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Tips on Visiting an Alzheimers Relative or Friend

What do I say or do?

Tell the person that you love her, that you came to see her and that you'll come back again. (Regardless of the reaction.)

Sit close, away from the window glare, at eye level, and touch or hold as preferred by your relative or friend.

Listen for clues to feelings in their body language, eyes or repeated phrases.

Gentle teasing or joking provides a sense of continuity and pleasure to those who have always communicated this way in their families.

Silence can be golden. . . tender moments watching birds, listening to music, simply holding hands, sermons or shared private meditation or prayer. Read: "A Strawberry Malt and 3 Squeezes, Please!"

Respect personal space and possessions. Ask before moving things around or sitting on the bed. Go slow. . . keep pace with your relative's or friend's concentration, tolerance, etc.

Substitute shared activities for limited conversation: manicures, hairdos, massages, looking at photos, writing letters together, hand work, watching TV if tolerable, volunteer work, walks and outings.

Start your own visiting rituals: reading favorite passages, verses or stories; visiting other residents together; checking the birdfeeder, etc.

Reminisce: your favorite Christmas, your first car, the smell of a wood stove, baking at your home. . . (Note:  if your relative or friend is very impaired, you'll need to reminisce further back in time.)

Use the arts and your skills: music, poetry, hymns, photos, video or audio tapes, artwork, games (even if your relative or friend can't play well, he or she may still enjoy the activity).

Bring holiday decorations and special foods or cherished holiday items from the past. Read: "Caregiving Hints for the Holidays."

Organize a private coffee or tea hour and invite friends and family to visit. Make sure your relative has something special to wear on that day.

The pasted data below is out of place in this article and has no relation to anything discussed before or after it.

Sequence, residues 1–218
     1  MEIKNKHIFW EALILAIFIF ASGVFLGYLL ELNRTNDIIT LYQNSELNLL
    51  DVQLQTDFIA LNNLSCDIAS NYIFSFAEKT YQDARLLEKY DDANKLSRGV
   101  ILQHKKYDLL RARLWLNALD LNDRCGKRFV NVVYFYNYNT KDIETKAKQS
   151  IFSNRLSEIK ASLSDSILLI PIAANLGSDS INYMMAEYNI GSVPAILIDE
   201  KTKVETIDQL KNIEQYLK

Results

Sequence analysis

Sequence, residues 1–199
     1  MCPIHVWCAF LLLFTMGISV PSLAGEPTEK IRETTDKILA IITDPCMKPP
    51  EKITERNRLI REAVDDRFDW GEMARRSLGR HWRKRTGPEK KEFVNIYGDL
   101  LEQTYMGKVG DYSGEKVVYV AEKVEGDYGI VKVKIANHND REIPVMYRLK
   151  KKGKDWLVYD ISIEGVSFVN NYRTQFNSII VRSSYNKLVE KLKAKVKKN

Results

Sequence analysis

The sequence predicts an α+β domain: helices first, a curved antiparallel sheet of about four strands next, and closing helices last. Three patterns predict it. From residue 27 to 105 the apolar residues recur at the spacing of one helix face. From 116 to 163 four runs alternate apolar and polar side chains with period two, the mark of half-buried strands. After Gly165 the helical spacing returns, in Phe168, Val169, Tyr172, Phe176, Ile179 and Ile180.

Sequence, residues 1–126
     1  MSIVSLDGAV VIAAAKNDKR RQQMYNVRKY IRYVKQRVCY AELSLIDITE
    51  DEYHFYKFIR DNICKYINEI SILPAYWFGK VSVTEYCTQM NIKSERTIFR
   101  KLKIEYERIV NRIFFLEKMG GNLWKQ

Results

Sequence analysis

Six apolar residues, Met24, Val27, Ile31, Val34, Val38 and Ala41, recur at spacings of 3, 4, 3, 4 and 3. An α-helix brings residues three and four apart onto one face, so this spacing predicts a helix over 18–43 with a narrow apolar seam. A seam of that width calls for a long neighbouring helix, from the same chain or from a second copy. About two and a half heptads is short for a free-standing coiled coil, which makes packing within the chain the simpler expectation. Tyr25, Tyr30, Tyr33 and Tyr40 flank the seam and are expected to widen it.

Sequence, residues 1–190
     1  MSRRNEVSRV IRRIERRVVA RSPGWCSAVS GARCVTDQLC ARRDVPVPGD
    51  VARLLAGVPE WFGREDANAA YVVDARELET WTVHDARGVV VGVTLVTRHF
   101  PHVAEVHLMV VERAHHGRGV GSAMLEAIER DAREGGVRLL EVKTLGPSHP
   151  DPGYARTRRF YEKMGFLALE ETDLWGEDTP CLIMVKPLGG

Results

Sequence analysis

Are You a Long-Distance Caregiver?

Few long-distance caregivers are able to spend as much time with their loved one as they would like. The key is to make periodic visits and use your time effectively.

  • Make appointments with your loved one's physician, lawyer and financial adviser during your visit so you can facilitate the making of important decisions.

  • Meet with neighbors, friends and other relatives so they can share their observations about how the person is doing. Ask if there have been any behavioral changes, health problems or safety issues.

  • Take time to reconnect with your loved one by talking, listening to music, going for a walk or doing other activities you enjoy together.

Remember:  You will never win an argument with a person with Alzheimer's disease. It may be hard to let go of old habits like arguing or reasoning with a spouse, parent or friend who does not understand what they are arguing about or why they are so frustrated. Avoid arguments. It is better to distract the person instead of arguing or confronting him.

The Alzheimers Book Shelf - Featuring a listing of over 100 books about Alzheimers disease, plus a link to nearly 800 more.
Visit Larry's Book Store for a large selection of "relationship" books, music and more.

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National Speakers Association International Federation of Professional Speakers Larry James
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